The channels of actively prograding distributaries in the delta display bifurcated patterns both upstream and near their mouths (25-i10). This type of pattern normally is associated with extremely low offshore slopes and low wave energy. Situated between the channels are interdistributary bays displaying a variety of sizes and shapes. These bays are usually extremely shallow (generally less than a few meters) and contain brackish to normal marine water during periods of low flooding and fresh water during periods of high flooding. Sedimentation rates are relatively low. The bays receive sediment only during periods of overbank flow associated with floods.

Breaches (crevasses) in the distributary levees result in the formation of subdeltas in the bays. Ultimately, these result in large, complex bay fills or subdeltas of the delta distributary. The smaller breaches are referred to as overbank splays and are active for only short periods, generally less than 10 years (Coleman and Prior, 1980). The bay fills comprise the most common geomorphic landforms in the active delta. Each bay fill forms initially as a break in a nearby major distributary natural levee during flood stage, gradually increases in flow through successive floods, reaches a peak of maximum deposition, wanes, and becomes inactive. Owing to continued subsidence, the marsh surface of the bay fill is inundated by marine waters, reverting to a bay environment and thus completing its sedimentary cycle. The mass of sediment resulting from this crevassing process can vary in thickness from 5 to 20 m, covers an area of 150 to 300 km2, and requires 100 to 200 years to complete a cycle. West Bay formed by a break in the levee in 1838, Cubits Gap in 1862, Garden Island Bay in 1872, and Baptiste Collette in 1874. Today, these bay fills are undergoing rapid land loss, with destruction of marshes and swamps, as a result of subsidence and compaction. New bay fills are no longer being formed, due to diking by man to maintain flow in the major navigation channels. Dredged canals are present throughout the image and are constructed as access canals for subsurface hydrocarbon exploration and production. The circular patterns represent well sites associated with buried salt diapiric intrusions [25-i10].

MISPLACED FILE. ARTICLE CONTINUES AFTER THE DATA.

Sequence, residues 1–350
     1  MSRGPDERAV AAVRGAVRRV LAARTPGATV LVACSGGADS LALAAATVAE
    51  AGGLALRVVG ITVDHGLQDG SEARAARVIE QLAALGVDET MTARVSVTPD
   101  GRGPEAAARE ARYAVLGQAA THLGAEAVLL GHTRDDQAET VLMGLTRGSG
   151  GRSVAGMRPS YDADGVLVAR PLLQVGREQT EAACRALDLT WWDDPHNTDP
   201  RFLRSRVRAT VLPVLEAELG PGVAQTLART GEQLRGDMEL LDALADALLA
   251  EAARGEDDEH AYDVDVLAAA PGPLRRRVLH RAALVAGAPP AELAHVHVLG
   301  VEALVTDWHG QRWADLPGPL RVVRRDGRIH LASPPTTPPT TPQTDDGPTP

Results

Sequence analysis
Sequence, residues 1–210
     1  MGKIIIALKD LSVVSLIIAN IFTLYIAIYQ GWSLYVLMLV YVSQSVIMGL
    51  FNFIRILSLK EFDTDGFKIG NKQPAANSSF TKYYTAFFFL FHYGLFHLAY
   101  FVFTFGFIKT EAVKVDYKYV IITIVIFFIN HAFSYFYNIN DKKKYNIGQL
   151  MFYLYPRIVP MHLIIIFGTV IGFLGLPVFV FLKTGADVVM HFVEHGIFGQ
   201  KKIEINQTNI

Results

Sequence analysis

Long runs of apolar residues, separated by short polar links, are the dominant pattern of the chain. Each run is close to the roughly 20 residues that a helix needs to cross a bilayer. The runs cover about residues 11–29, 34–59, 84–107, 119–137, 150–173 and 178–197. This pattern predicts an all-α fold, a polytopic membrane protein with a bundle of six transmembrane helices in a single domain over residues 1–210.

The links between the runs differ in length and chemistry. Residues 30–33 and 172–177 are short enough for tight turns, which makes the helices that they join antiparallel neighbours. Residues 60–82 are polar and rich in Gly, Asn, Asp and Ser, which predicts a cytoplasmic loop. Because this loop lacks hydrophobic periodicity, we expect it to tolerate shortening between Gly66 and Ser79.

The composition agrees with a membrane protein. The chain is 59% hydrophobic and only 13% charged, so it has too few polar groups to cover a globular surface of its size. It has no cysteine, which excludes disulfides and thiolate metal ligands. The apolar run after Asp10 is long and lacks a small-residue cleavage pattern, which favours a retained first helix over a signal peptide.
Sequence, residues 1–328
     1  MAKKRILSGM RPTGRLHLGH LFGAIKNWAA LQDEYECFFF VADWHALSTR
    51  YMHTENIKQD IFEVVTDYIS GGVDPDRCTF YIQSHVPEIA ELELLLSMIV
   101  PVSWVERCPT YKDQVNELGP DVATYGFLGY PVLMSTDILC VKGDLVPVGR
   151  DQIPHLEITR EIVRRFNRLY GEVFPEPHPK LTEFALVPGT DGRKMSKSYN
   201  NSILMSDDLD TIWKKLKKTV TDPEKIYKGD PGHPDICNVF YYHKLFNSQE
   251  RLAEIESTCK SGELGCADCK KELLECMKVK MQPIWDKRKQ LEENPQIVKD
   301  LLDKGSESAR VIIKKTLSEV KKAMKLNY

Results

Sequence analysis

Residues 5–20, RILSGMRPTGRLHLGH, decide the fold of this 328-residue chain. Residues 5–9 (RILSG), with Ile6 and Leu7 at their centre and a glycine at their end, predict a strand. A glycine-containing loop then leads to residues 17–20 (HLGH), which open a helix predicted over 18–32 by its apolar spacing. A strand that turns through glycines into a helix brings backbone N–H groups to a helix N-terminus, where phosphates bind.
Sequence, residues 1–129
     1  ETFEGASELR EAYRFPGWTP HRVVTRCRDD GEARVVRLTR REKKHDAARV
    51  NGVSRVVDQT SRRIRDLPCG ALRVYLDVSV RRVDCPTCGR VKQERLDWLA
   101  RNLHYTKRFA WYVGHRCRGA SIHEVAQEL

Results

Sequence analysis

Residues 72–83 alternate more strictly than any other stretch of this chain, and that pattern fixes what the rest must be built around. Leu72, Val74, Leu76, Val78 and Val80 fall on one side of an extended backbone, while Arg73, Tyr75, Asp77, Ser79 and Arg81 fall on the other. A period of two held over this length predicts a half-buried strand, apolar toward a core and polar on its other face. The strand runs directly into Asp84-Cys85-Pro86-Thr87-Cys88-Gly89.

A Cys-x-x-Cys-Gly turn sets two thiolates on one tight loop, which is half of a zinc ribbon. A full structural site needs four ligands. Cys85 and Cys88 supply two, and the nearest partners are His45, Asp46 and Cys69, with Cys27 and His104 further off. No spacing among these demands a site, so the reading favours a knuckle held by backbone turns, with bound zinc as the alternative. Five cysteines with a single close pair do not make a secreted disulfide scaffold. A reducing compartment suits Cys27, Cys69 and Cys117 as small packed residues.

Immediately seaward of the actively prograding distributaries are the turbid river-mouth effluent plumes (Wright and Coleman, 1971). Deceleration of a turbid plume as it spreads laterally allows the coarser sediment being transported to be deposited, forming the distributary mouth-bar and delta-front environments. The finer grained sediments remain suspended and spread laterally over broad distances, forming a turbid plume  that fronts the entire offshore delta; as these fine-grained sediments are deposited, they form the prodelta platform as the distributaries build seaward at rates of 100 to 150 m per year. Wave energy is relatively low offshore of the Mississippi River delta and 25-g03 illustrates, by month, the average wave power along the coast. Wave power is highest during the low discharge months and this often results in excessive coastal erosion.